A trailing stop loss works similar to a normal stop loss, but the “stop point” can move depending on the highs or lows of the price since you placed your order.. The only difference being that while we calculated our stop loss from the entry price, we’re calculating our trailing stop loss from the highest price since entry. The key to the trailing stop loss is that it tries to keep the same stop rule you originally used, but also protect any future gains that you make.
The method that you use to set your trailing stop loss can vary dramatically. However, if we use the ATR method that we used to calculate our initial stop to set our trailing stop loss, we’ll have the ability to lock in the profit as the share price increases.
For example, if you bought a share of Sprint (S at $5, and your initial stop was set at $4.90, your trailing stop would also have a value of $0.9 to have the same trigger. If, after the first day, the share price moves in your favour and moves to $5.10, you would recalculate your trailing stop loss by subtracting two times the value of the ATR from the new high price of $5.10. For simplicity, let’s assume that your stop size hasn’t changed, and is still ten cents wide. When you calculate your new trailing stop loss, by subtracting the 10 cents from $1.10, it would be set at $5.
At this point, your initial stop was at $4.90, and your trailing stop loss is now at $5, with the share price is at $5.10. Since your trailing stop loss is higher than your initial stop, the initial stop becomes obsolete, and our trailing stop loss becomes your active exit. Want to try it? S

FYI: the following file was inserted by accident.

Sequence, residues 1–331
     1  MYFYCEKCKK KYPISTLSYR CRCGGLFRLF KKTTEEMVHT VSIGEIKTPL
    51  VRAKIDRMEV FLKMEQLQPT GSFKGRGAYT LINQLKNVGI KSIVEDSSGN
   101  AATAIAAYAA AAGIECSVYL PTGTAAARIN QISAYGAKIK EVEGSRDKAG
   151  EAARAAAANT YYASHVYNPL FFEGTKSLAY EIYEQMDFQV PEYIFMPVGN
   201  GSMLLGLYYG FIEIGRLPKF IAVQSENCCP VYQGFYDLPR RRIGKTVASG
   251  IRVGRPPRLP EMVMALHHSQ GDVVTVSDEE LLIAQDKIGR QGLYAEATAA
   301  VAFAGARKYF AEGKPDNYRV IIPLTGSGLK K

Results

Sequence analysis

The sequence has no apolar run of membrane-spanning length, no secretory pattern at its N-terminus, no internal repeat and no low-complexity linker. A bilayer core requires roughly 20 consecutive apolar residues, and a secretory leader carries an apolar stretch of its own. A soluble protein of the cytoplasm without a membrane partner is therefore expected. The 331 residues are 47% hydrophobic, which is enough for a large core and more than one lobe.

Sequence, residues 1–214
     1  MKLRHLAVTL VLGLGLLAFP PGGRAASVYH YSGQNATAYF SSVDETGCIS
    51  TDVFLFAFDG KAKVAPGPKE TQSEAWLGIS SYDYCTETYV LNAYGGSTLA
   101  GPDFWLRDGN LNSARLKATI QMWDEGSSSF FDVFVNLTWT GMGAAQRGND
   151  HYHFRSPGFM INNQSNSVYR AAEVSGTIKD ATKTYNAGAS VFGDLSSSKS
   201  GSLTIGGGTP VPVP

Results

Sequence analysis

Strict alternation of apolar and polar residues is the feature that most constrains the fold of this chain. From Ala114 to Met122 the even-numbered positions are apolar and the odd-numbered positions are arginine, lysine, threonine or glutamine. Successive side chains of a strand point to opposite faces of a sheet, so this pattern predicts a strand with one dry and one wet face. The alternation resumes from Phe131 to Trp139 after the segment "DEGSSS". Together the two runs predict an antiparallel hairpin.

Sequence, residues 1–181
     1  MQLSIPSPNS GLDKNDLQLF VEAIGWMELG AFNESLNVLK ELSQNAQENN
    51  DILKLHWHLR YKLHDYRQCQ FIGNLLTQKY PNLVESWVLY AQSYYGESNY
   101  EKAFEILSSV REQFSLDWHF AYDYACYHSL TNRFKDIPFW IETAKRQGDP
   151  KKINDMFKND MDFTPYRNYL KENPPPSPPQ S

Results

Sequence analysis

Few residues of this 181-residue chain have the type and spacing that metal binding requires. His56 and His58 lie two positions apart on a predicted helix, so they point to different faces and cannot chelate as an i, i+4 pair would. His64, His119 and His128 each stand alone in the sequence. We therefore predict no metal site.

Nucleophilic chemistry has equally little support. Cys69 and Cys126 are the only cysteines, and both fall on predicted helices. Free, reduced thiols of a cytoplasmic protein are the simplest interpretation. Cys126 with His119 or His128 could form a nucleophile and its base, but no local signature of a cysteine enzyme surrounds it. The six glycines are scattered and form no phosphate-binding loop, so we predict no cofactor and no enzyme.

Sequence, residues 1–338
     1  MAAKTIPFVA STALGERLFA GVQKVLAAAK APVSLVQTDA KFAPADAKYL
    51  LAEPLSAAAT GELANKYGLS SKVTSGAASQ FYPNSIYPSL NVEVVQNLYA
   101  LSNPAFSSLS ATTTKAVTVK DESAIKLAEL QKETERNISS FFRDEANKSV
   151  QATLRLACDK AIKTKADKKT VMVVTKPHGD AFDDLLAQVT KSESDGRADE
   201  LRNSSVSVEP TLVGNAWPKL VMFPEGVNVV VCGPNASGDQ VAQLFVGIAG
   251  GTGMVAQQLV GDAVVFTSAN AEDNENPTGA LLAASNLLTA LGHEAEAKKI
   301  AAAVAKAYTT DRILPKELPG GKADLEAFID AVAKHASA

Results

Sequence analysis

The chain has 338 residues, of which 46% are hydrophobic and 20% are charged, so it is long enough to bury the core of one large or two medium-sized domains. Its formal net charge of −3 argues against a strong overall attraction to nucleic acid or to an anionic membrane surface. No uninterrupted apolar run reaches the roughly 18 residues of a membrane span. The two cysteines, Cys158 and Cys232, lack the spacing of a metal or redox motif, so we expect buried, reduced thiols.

How much profit have you made on this trade? The share price is at $5.10 and we entered at $5. If you thought, No, I haven’t made any money, then you’d be right on track. Remember, our stop loss strategy gives the share price a little bit of room to move.
You’re not going to exit this position until the share price reverts to $5. It is important to note that when you are valuing any open position, you should always value it based on its stop loss value, since if you were to exit this share, you would wait until that price point was breached.
Let’s go back to the example. Now, what happens if the Sprint’s (S) share price begins to fall? Let’s say that the share price falls from $5.10 down to $5.05. What does your trailing stop loss do? Would it move down also? Here’s another important point. A stop loss will never, ever move down. A trailing stop loss can only move up. This ensures you lock in profit and that you’ll also get out of the shares once they start to turn. A trailing stop loss is always calculated from the highest price since entry, so the highest price is still $5.10.
It’s not until the share price makes a new high since entry that the trailing stop loss would begin to move in your favor again. However, if you’re using the ATR method, there’s another way for our trailing stop to move up. This would occur when the volatility of a stock begins to decrease. If a share price were to begin to move sideways, the ATR value would start to drop off. This would cause the trailing stop to move up as the share price became less volatile.
The best way to understand these concepts is to print out a chart with the ATR values along the bottom. Then on the chart, identify the point where you would have received an entry signal, and mark your initial stop loss and your trailing stop loss.
As the trend progresses make sure that you recalculate the value of your stop so you can begin to get a feel for the way this method of using a stop loss works Seeing how the changes in stock price affect you trailing stop loss will give you the confidence to make them a key part of your trading system.
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